Did someone say queen?
Did someone say queen?

As a woman in Pakistan, it doesn't matter how successful, kind, ambitious or talented you are. Somehow, the conversation is always directed to what you are wearing, if not, how you are wearing it.

When footballer Hajra Khan took to social media to share her Eid outfit, a fierce navy-blue shalwar kameez, the moral police couldn't handle it.

It didn't matter that Khan had a Guinness World Record hat-trick, what mattered was why she wore what she was comfortable in, instead of adhering to conventional standards.

This time around, the clothes weren't "too revealing," they were supposedly too masculine.

Well, joke's on them; androgynous cuts are having their moment so not only does Khan look bomb, she's also on-trend!

For those who might be confused about what androgynous style might be, it's fashion that aims to avoid gender stereotypes. The best thing about it? Clean lines, simple cuts and bye bye skin-tight clothing.

Khan wasn't letting anyone dim her sunshine or indulge in cyber-bullying, and made sure to let the world know she was going to wear whatever she wanted to wear.

"CLOTHES HAVE NO GENDER," captain of the Pakistan's women's national team reinstated for those, who clearly did not understand this phenomenon. "Any clothing we're going to choose to wear will be inevitable gendered."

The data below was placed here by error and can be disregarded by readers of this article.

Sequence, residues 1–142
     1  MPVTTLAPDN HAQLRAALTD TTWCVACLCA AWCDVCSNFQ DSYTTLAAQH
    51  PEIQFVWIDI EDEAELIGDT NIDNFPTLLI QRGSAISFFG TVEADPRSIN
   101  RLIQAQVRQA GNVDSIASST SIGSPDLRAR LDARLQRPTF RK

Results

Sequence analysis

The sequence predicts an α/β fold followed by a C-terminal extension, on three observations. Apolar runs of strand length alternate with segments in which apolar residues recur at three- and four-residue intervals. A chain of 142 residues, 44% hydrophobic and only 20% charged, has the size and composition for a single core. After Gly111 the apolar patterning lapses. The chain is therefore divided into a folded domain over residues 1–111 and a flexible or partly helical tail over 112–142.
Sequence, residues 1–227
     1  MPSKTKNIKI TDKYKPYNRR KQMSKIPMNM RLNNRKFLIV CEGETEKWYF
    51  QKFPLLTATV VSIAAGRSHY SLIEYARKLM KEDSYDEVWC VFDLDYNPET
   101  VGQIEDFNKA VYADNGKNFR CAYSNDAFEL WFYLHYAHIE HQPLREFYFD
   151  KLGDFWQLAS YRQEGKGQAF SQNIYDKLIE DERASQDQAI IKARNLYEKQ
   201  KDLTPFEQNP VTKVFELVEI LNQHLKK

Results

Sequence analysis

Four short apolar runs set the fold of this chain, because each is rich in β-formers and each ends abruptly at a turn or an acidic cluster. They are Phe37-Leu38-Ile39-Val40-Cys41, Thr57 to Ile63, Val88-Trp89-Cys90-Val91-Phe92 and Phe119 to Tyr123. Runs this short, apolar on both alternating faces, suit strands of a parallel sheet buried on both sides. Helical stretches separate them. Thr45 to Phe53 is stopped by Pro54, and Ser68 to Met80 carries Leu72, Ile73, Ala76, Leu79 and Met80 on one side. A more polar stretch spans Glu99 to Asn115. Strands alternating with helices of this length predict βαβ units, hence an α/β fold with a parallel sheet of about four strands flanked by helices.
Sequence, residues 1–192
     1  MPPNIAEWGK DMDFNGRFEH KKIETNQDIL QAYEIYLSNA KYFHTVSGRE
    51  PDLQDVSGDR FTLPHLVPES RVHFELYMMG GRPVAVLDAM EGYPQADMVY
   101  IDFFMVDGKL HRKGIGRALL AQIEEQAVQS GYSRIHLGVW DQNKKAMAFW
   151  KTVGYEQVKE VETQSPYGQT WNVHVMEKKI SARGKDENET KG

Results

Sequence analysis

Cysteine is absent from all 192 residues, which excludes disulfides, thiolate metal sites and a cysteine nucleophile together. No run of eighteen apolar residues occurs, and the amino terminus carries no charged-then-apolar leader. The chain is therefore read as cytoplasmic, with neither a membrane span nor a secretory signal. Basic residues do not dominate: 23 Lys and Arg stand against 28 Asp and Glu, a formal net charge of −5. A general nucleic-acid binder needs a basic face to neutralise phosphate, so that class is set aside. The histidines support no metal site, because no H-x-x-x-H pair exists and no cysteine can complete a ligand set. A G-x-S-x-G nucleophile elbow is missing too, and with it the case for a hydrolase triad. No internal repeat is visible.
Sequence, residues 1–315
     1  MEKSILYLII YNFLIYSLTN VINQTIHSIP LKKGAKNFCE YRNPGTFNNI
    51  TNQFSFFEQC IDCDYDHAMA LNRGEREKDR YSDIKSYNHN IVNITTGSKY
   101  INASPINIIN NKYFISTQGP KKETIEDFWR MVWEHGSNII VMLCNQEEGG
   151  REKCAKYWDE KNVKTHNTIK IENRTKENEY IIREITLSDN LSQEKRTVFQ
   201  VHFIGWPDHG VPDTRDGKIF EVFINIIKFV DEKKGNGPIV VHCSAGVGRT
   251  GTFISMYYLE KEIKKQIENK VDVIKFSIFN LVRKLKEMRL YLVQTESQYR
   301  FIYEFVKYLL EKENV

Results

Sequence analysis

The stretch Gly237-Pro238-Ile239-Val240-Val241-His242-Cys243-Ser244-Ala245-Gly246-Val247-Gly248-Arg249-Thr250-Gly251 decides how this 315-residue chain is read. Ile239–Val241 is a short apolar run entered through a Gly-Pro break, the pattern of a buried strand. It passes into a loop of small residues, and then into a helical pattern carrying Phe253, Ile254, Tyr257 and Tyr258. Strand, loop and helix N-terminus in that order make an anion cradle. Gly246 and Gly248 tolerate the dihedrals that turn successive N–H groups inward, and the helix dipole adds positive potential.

"We should not have to live in a world where people have to justify how they feel. Having the concept of gender-neutral clothing is important because it allows everyone to feel comfortable in their own bodies."

"Everyone deserves to feel free and beautiful without judgment. And like James Badwin said, took many years of vomiting up all the filth I had been taught about myself and halfway believed, before I could walk around this Earth like I had the right to be here."

"I have the right, you have the right, we ALL have the right," she continued.

"Mujhko kisi ke baap ki ijazat nahi chahiye koi bhi kapray pehene ke liay, "Khan declared. (I don't need anyone's permission to wear whatever I want)

"Athletic wear has always been gender-neutral. And I will keep choosing to wear clothes that make me feel comfortable in my own skin. We need to normalise gender neutral fashion."

In the end, the national star shared her two cents about what she felt about the trolling.

"When a fool utters all kinds of insults against you on social media without even knowing you, or without any worthwhile reason or provocation, usually they are merely sad and pathetic attention seeking trolls we should all feel sorry for. They don't deserve our anger, they deserve our pity."

You go, boss lady!

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